The case has real-world consequences not only for journalists but for all Americans. It is part of a troubling trend that includes unprecedented numbers of criminal investigationsinvolving leaked information; the obtaining of reporters’ phone records; and even one government claim that a journalist “aided and abetted” a leak.

We’re living in strange times. And until we start speaking out and letting these issues actually affect how we vote, I fear nothing will change.

What do you think? Do you think things need to change? Why or why not? What do you think is the most effective right to producing change?

Fleeting: our Societal Anger; our National Substance


This week’s WordPress Weekly Photo Challenge theme is “Fleeting“. I’ll be posting a more meaningful “photo sermon” based on this theme later in the week, but I saw something last night I wanted to share.

This blog has not shied away from its concern over the civil liberties and privacy issues that have been exposed this week. I hope to post some more in-depth thoughts on these specific revelations later today or tomorrow. For this photo post, though, I ran across a couple of images that show just how fleeting any American societal anger, attention, or protest really is.

Continue reading

a prayer for President Obama & America for Inauguration Day [Re-post]


[I posted this prayer after election day. I thought it would also be appropriate for today, as we pray for our President’s second term.]

Ruler and King of all, our nation is now entering into such a delicate time. Many emotions are being felt very deeply after this election. It was a hard-fought fight that many had much invested in. Would you be with us as the immediate emotional aftermath of the election occurs?

Lord, hear our prayer.

O God of peace, you do not desire that we would be filled with anxiety, frustration, or gloating after elections, as if our greatest joy or pain would be the result of this one vote. You have taught us that in returning and rest we shall be saved, in quietness and confidence shall be our strength: By the might of your Spirit lift us, we pray, into your presence, where we may be still and know that you are the God who is the sustaining Presence in all nations,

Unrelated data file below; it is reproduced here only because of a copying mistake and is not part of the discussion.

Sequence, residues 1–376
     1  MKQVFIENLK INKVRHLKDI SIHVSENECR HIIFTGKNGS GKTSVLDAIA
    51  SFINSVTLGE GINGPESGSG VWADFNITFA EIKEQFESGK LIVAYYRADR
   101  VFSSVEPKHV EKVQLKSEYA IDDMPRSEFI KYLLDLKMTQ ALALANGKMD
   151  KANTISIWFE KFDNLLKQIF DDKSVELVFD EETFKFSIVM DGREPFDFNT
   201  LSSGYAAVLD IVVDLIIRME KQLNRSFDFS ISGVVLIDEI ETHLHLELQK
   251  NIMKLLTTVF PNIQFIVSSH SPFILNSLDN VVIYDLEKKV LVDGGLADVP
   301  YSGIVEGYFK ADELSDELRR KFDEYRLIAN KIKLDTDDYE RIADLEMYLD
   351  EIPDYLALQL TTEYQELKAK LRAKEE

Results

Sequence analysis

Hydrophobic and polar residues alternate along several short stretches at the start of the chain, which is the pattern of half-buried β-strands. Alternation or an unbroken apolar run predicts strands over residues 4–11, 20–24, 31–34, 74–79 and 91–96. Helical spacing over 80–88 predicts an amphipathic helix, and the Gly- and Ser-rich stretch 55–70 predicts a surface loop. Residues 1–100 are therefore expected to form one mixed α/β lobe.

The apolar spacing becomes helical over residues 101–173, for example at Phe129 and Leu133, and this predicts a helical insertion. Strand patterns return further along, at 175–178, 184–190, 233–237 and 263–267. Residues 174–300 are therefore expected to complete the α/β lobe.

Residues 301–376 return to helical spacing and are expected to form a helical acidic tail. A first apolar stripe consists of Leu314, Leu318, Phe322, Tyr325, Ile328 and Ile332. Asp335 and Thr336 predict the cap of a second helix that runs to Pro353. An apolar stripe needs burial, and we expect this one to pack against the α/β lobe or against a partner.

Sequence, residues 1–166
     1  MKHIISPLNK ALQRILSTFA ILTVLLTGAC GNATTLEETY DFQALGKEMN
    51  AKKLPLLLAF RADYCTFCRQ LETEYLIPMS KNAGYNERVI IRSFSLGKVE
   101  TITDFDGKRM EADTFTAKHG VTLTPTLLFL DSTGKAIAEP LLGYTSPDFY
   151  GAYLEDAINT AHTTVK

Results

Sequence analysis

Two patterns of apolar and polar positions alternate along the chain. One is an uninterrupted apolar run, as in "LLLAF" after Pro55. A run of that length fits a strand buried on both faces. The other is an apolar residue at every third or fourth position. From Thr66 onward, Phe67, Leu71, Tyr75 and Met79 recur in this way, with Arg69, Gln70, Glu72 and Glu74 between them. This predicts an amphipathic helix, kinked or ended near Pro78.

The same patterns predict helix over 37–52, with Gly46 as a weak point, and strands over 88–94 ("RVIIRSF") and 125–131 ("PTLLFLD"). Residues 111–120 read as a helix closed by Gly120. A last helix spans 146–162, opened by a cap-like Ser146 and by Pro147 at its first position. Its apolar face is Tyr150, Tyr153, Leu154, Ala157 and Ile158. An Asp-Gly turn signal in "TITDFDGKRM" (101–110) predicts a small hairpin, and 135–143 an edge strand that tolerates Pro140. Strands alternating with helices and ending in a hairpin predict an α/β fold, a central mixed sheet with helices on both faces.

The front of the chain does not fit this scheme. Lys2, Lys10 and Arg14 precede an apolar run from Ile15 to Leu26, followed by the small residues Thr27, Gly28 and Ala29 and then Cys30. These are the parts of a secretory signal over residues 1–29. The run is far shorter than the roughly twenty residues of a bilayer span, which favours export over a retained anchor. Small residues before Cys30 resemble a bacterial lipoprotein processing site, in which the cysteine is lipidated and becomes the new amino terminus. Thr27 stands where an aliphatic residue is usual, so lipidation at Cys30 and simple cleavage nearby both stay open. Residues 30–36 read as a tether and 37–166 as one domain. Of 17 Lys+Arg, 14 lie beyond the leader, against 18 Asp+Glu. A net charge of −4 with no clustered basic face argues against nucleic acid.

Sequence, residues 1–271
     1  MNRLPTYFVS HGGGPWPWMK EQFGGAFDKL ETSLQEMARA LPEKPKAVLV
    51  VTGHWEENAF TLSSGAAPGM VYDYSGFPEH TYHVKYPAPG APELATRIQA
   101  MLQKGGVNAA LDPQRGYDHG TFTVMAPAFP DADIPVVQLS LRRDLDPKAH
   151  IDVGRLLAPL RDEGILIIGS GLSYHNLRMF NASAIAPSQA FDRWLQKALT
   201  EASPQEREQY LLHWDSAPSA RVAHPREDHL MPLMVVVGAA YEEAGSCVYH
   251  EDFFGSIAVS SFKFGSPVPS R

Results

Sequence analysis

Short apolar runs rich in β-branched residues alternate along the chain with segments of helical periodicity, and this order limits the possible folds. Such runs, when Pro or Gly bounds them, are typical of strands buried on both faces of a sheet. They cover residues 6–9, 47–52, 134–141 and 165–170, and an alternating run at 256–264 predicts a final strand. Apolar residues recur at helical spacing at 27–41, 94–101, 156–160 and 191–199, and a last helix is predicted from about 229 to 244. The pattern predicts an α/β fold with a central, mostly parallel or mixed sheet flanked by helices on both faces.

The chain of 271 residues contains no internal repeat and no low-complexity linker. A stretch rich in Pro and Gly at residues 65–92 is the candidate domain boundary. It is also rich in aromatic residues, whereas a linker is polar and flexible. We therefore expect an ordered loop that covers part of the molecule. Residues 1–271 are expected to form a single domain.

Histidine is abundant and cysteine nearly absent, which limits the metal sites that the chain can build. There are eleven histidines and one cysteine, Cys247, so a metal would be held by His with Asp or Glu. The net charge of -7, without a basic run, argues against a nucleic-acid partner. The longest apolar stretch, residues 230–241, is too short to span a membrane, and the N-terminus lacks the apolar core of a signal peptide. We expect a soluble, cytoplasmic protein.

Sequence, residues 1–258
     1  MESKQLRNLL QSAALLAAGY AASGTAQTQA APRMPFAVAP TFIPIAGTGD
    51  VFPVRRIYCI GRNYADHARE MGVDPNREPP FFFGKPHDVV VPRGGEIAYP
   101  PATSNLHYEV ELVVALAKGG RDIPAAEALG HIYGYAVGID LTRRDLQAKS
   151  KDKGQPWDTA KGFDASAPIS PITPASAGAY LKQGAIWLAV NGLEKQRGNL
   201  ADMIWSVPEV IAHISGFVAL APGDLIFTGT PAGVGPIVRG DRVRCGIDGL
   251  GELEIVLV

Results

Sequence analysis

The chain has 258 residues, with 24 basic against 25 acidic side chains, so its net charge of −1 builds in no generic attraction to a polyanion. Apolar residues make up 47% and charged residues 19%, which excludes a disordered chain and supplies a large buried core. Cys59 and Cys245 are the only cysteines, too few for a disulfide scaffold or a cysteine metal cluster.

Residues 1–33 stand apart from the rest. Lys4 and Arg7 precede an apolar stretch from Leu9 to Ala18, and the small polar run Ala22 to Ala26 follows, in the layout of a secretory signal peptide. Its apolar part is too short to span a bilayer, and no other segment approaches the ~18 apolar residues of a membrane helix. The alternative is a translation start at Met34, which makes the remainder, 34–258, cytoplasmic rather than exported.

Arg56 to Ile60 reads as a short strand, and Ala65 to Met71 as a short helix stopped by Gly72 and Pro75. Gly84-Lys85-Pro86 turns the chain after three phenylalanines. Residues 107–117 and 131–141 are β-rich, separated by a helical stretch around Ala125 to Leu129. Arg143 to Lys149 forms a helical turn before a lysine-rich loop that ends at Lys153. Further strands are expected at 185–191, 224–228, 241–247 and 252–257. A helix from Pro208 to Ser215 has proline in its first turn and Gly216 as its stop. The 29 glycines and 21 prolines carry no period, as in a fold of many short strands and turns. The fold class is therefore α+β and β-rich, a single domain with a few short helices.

Lord, hear our prayer.

Continue reading

Hope of the Earth: a political eschatology (we can all breathe) [REPOST]


In light of the election, I wanted to re-post this article from a couple of weeks ago. I hope it’s encouraging.

November 7th, we will wake up to front pages declaring with finality the results of the American Presidential Election. Most of us will see these headlines and have some sort of emotional reaction (especially those of us that stayed up as late as we could to know the results early).

Depression? Fear? Anger? Injustice? Sadness? Joy? Elation? Ecstasy? Worship? Peace?

I remember after the 2004 election when Bush beat Kerry. Going to a large, urban University dominated by idealistic and passionate liberal youth, the campus was in mourning for the rest of that week. People walked in silence, hugged one another, and I saw a good number of people crying as they resigned themselves to what they felt would be the end of every good thing they’d ever thought about this country.

This election cycle, I was certainly active–probably more so than ever before (especially on this blog, at least). I’m almost certain that I have been blocked from my fair share of Facebook feeds and removed from some feed readers in the past six months or so. I’ve been quite passionate on those few issues that have guided so much of my writing and reading.

But I haven’t lost a bit of sleep over any of that stuff. I’ve been able to enjoy good books and beers, and pipes and peers, without any discussion of politics or debates or elections.

Continue Reading –>

[image credit: Untitled piece by Arielle Passenti. Read my review of this piece.]

a prayer for President Obama & America


Ruler and King of all, our nation is now entering into such a delicate time. Many emotions are being felt very deeply after this election. It was a hard-fought fight that many had much invested in. Would you be with us as the immediate emotional aftermath of the election occurs?

Lord, hear our prayer.

O God of peace, you do not desire that we would be filled with anxiety, frustration, or gloating after elections, as if our greatest joy or pain would be the result of this one vote. You have taught us that in returning and rest we shall be saved, in quietness and confidence shall be our strength: By the might of your Spirit lift us, we pray, into your presence, where we may be still and know that you are the God who is the sustaining Presence in all nations,

Lord, hear our prayer.

Continue reading

a prayer for election day


O Lord our truest Ruler and King, many words have been said these past months leading to this election day. Far too many of these words have been hurtful, fearful, divisive, angry, and anxious. Being able to see our nation’s policies so tangibly, it is far too easy to equate this nation with your Kingdom, and so act as if this election were of supreme eternal importance.

Lord, forgive us, we pray.